AI Regulations: What Guidelines Are the United Nations and G7 Planning?

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Global and national entities are advancing AI governance through unique frameworks and collaborations, aiming for responsible AI utilization while managing associated risks. These include the G7 and UN’s frameworks for responsible AI growth. They also include the US and UK’s approaches, which encompass Biden’s Executive Order and the AI Safety Summit being hosted in the UK.

The rapid evolution of Artificial Intelligence (AI) has spurred global and national initiatives aiming for a responsible and safe AI governance framework.

Recently, prominent global entities like the Group of Seven (G7) and the United Nations (UN) have unveiled plans to guide AI’s growth, each with distinct focal points.

While the G7 is geared towards clear guidelines, the UN aims to ignite a global dialogue on responsible AI use.

Meanwhile, nations like the United States and the United Kingdom are stepping forward with their unique strategies, as seen in the US’s executive order on AI governance and the UK’s ongoing AI Safety Summit, showcasing a blend of global collaboration and national action in navigating the AI landscape.

This article delves into these significant global and national endeavors, exploring their objectives, frameworks, and the synergy between them.

G7 and United Nations Launch Guidelines for Safe AI Development and Use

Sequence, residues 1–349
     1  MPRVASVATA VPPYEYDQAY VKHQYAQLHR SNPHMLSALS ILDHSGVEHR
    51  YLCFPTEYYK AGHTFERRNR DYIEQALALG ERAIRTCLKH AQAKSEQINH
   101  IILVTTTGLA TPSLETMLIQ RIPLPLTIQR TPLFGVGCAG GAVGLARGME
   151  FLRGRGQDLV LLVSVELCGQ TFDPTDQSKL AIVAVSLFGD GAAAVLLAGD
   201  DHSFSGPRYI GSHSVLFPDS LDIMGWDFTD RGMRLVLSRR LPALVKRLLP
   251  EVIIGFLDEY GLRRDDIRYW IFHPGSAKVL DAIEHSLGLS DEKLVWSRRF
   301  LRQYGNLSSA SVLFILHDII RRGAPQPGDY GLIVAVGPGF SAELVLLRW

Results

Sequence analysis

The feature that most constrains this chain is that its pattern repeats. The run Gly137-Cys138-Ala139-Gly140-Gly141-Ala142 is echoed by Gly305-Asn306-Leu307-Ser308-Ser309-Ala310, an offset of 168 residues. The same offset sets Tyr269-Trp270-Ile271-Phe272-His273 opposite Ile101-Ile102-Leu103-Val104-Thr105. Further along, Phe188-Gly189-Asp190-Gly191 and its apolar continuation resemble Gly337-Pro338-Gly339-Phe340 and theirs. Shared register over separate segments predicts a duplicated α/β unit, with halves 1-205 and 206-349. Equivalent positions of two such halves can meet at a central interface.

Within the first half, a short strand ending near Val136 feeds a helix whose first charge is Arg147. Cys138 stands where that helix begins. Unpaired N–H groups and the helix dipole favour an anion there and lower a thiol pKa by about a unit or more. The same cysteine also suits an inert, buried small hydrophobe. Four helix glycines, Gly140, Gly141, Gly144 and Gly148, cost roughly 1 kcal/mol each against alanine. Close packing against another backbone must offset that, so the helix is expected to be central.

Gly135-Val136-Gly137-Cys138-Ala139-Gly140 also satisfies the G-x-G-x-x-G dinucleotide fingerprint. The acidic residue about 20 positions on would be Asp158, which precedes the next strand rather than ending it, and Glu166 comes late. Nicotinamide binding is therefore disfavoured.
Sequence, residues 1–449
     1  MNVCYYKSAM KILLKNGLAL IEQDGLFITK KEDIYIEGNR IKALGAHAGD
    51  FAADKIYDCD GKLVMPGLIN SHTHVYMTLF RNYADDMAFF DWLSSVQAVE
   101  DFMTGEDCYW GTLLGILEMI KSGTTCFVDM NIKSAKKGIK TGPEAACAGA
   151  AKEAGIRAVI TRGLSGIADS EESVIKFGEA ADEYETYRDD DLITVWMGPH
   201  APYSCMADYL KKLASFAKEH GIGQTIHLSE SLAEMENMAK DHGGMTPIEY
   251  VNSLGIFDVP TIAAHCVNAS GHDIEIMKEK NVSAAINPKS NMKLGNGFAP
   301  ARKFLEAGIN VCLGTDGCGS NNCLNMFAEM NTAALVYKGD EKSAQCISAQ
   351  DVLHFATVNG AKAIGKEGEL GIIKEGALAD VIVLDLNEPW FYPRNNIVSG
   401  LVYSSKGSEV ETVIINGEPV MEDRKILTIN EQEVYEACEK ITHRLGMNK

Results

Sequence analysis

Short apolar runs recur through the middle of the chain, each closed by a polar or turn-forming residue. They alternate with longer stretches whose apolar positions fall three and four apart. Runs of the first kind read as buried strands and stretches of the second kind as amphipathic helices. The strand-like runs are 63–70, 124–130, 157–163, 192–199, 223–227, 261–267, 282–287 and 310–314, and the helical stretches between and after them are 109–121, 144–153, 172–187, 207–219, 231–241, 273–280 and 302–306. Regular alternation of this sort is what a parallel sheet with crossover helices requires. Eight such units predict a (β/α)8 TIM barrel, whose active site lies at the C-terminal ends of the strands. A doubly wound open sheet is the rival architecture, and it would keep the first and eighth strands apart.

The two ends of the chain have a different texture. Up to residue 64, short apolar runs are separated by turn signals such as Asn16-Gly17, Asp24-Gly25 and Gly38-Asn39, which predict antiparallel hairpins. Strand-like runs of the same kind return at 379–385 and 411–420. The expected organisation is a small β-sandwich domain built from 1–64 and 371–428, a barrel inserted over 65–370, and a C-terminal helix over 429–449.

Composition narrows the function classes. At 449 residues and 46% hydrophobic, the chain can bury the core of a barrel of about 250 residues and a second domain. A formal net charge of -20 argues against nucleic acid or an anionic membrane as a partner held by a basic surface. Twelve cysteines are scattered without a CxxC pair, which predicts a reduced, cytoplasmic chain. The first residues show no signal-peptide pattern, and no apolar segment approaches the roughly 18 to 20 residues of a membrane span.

G7 and Responsible Use of AI

As the AI technology landscape rapidly evolves, nations worldwide are making plans to manage it safely. They want to make the most out of AI while examining the risks.


Recently, the G7, a group of seven wealthy countries, and the UN have unveiled plans to handle AI’s growth. While the G7 is focused on setting clear guidelines, the UN wants to start a global dialogue for the responsible and beneficial use of AI.

Here, we’ll look closer at the G7’s Hiroshima AI Process and the UN’s AI advisory group, showing how these big players are getting ready for an AI-driven future.

On October 30, 2023, leaders of the Group of Seven (G7) revealed a plan called the Hiroshima AI Process to manage the growth of AI safely. Here’s a breakdown of their project:

  • Goal: To tap into AI’s potential while keeping a check on risks.
  • What’s New: International Guiding Principles and a Code of Conduct are introduced for organizations developing advanced AI systems.
  • Policy Framework: A detailed plan is to be created by the end of the year to include input from various groups such as governments, schools, and businesses. This outreach and consultation process is meant to engage not just G7 countries but also other countries worldwide.

Key Points of the Hiroshima Process

Accountability and Transparency
  • Organizations are urged to be open about their AI systems’ capabilities and limitations.
  • A call for public reporting to ensure everyone knows what AI systems can and can’t do.
Risk Management
  • Identify and tackle risks early in the development of AI systems.
  • Strong security measures are encouraged to keep data safe.
Content Authentication
  • Develop ways to help users identify AI-generated content, like watermarking.
Addressing Global Challenges
  • Encouragement to use AI for tackling significant issues like climate change, health, and education.
Continuous Improvement
  • The guidelines are not set in stone but will evolve with ongoing discussions and as technology changes.
International Cooperation
  • Work together with other countries and organizations to set common standards and practices.